Girl on Fire

Girl on Fire
Co-Authors / Illustrators
Age Range
Release Date
March 01, 2022
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Lolo Wright always thought she was just a regular fourteen-year-old dealing with regular family drama: her brother, James, is struggling with his studies; her dad’s business constantly teeters on the edge of trouble; and her mother . . . she left long ago. But then Lolo’s world explodes when a cop pulls a gun on James in a dangerous case of mistaken identities. Staring down the barrel, with no one else to help, Lolo discovers powers she never knew she had. Using only her mind, she literally throws the cop out of the way.

Problem is that secrets like Lolo’s don’t stay a secret for long. Skin, a dangerous dealer with designs on taking over the neighborhood, hears of Lolo’s telekinetic abilities and decides that he needs her in his crew. Skin might not have Lolo’s powers, but he’s got nothing to lose and is willing to do whatever it takes to get what he wants. And what he wants is Lolo.

Lolo’s not willing to let Skin use her to hurt the people—and neighborhood—that she loves. But it’s going to take a whole different kind of bravery to stand-up for what’s right, especially after Lolo’s mom returns suddenly and turns Lolo’s whole world upside-down. For too long, it’s true, Lolo’s had her head in the clouds, but this time, it’s on her . . . and she’s not backing down.

Girl on Fire is a young adult graphic novel about a girl who’s a flame. It’s the first-ever graphic novel from beloved GRAMMY® Award-winning artist Alicia Keys, co-written by Andrew Weiner and illustrated by Brittney Williams.  

Editor review

1 review
Fresh Superhero Tale
Overall rating
Writing Style
Illustrations/Photos (if applicable)
Lolo Wright and her brother James live in New York City and attend a school in a somewhat rough neighborhood, although they both excel academically thanks to the influence of their father, who has high expectations for their behavior. Their mother left the family years ago, after struggling with drug addiction and other problems. Their father has started his own moving company, and things are looking up for the family, which also includes their mother's mother, who also supports the children. Michael also attends their school, but when the football coach tells him that he's still not big enough for the team, and the other players start calling him "Runt", he starts to be tempted to join ranks with the local drug dealer, Skin. When Lolo and James get caught in the middle of a convenience store robbery and the police assume that James is the suspect, they mistreat him and push Lolo aside. She finds that she suddenly has powers to get the police off her brother without touching them, and the two are able to escape. This experience traumatizes James, who doesn't share his emotions with anyone except for Nia, Lolo's best friend. Lolo continues on with her academics, and gets assigned to work on a group project with Eric, whose father is very wealthy but insists his son attend a public school to build character. He admires Lolo's academics, and the two start to be friends, even though previously Eric had supported the local mean girl who made Lolo miserable. When Skin finds out about Lolo's powers, he is determined to bring her skills to his team. He also looks at her father's moving business as one to target for protection payment. He makes Michael approach him for payment, but since Mr. Wright was supportive of Michael and his family after his father's death from cancer, Michael finds it hard to do what Skin asks. Skin, in retaliation to Mr. Wright's refusal to pay, blows up his moving truck, which puts the family's plans to move to Rockaway on hold. Will Lolo, Michael, and Mr. Wright be able to resist Skin's advances and continue with their lives? And how will Lolo's powers affect her future. There is plenty of room for a further adventure.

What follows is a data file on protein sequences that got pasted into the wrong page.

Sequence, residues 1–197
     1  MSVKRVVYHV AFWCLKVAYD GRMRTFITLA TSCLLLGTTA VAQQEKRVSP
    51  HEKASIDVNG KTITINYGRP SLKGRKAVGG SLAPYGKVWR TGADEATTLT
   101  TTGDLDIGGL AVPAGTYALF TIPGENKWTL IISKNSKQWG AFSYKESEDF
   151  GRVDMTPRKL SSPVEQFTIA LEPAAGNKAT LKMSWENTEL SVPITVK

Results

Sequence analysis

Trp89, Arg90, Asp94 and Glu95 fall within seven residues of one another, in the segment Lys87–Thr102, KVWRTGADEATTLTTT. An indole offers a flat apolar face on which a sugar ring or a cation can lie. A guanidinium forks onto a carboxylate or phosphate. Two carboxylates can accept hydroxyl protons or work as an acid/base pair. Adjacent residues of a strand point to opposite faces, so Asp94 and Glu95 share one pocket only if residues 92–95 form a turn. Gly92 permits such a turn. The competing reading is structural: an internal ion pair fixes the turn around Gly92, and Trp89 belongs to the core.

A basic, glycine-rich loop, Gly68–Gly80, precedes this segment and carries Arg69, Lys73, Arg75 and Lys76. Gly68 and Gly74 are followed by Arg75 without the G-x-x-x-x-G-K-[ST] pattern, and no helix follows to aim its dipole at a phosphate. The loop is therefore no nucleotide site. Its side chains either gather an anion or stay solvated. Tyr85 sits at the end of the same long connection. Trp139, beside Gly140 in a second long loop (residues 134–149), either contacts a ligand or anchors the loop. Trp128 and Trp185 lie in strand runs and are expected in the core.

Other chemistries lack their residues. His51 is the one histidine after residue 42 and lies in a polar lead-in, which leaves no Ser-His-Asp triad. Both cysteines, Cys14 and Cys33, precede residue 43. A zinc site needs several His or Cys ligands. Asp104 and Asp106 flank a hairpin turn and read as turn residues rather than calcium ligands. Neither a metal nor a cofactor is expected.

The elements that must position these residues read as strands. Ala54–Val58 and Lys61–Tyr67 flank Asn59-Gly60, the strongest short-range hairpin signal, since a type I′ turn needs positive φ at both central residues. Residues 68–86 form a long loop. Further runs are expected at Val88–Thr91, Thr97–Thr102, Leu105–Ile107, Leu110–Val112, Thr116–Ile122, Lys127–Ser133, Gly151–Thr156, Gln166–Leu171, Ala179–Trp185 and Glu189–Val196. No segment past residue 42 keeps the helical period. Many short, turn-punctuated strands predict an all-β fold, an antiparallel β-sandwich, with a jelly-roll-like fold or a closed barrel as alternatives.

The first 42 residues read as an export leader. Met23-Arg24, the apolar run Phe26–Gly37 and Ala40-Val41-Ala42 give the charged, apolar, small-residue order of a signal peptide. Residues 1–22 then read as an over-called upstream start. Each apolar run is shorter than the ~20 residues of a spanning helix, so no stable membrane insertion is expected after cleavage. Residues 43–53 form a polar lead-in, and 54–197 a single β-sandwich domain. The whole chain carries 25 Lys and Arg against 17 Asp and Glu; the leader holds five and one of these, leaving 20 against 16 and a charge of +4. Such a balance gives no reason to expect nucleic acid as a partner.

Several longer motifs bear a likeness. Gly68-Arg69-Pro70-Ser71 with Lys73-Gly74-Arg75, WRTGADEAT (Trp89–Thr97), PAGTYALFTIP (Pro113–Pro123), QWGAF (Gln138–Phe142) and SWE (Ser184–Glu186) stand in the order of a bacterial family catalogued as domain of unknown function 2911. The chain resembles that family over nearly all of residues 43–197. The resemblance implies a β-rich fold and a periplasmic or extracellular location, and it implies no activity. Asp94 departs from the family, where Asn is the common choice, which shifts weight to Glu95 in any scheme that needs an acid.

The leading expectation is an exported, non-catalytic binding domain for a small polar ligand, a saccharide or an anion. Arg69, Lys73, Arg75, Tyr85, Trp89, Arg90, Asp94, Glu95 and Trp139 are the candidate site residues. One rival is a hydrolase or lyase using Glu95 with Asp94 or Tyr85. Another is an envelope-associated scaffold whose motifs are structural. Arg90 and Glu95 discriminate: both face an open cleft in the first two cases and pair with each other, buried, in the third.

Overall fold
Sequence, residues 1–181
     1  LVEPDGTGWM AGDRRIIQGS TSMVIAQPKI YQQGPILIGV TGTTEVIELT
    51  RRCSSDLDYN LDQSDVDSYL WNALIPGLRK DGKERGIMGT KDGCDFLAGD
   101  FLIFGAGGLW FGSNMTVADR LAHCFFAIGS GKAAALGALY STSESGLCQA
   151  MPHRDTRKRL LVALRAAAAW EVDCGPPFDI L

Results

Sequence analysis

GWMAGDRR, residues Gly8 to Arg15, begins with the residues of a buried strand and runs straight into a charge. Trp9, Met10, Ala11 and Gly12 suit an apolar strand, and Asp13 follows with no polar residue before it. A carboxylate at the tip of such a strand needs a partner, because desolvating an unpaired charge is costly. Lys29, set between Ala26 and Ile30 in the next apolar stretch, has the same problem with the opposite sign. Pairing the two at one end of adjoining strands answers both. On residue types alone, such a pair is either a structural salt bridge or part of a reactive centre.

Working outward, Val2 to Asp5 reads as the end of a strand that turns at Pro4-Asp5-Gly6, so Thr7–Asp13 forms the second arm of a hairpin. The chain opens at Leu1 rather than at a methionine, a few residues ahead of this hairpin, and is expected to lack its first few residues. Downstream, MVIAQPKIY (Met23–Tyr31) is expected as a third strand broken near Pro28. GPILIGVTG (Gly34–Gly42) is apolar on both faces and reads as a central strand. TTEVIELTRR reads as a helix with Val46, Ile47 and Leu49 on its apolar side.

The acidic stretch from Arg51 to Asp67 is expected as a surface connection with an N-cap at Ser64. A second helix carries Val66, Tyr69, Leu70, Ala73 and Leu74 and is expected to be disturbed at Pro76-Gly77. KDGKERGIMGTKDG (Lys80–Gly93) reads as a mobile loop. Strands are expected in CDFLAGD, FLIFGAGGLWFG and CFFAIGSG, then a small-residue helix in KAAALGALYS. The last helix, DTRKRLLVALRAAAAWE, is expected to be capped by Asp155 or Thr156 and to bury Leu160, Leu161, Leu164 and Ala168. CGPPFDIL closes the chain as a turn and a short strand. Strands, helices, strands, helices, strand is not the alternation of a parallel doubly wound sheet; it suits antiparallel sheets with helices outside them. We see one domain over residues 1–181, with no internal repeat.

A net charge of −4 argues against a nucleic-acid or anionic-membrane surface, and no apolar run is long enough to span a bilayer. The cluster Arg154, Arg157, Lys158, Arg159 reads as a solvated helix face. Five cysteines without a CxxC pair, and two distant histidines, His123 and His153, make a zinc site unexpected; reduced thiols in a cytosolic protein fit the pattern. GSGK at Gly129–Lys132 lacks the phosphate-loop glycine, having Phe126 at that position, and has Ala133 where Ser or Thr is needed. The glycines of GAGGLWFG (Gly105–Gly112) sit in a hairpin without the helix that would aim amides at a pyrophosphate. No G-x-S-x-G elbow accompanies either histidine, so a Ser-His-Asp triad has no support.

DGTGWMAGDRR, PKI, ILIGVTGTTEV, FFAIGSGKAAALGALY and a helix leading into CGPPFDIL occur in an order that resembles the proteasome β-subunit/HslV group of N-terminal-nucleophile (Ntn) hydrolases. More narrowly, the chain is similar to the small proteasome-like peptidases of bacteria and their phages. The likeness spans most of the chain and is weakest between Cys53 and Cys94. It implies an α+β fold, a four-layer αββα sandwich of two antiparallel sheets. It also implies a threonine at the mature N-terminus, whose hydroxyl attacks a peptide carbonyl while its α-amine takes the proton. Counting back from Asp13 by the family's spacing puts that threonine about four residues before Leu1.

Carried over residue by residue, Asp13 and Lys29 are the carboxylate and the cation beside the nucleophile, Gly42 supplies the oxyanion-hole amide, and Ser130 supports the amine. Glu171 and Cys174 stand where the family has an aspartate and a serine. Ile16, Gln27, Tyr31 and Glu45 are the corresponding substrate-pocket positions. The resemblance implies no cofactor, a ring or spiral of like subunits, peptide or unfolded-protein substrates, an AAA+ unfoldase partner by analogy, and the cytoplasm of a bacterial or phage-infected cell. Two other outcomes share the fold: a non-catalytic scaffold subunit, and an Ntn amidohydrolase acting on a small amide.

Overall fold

Good Points
Williams' drawing will be familiar to readers of Goldie Vance and volume 3 of Lumberjanes, and her comic book style of illustrating is perfect for this superhero tale. The New York landscape gets a lot of attention, with storefronts, the school, and shady alleys and warehouses nicely drawn, and the range of emotions on the faces is much deeper than the average graphic novel. The color palette changes with the mood of the scenes, but is very rich and layered.

Lolo's story is one that will appeal to suburban readers as something unusual and interesting, and will give urban dwellers representation that might seem familiar. I love that Lolo is academically advanced, and the way she deals with the pressure of other's expectations of her are realistically drawn. Her relationship with Eric is interesting, and at the end of the book she is especially kind to the mean girl, which was a nice twist.

Like Muro's Primer, I'm not sure if Lolo is reflective of a Marvel or DC super hero unknown to me, or an entirely new creation, but this matters little. Readers who enjoyed other urban tales like Maldonado's Tight or Booth's We Could Be Brothers or who like the updated versions of the Black Panther or Spider Man stories will enjoy this fresh treatment of an unlikely superhero who uses her powers to protect her family and those she loves.
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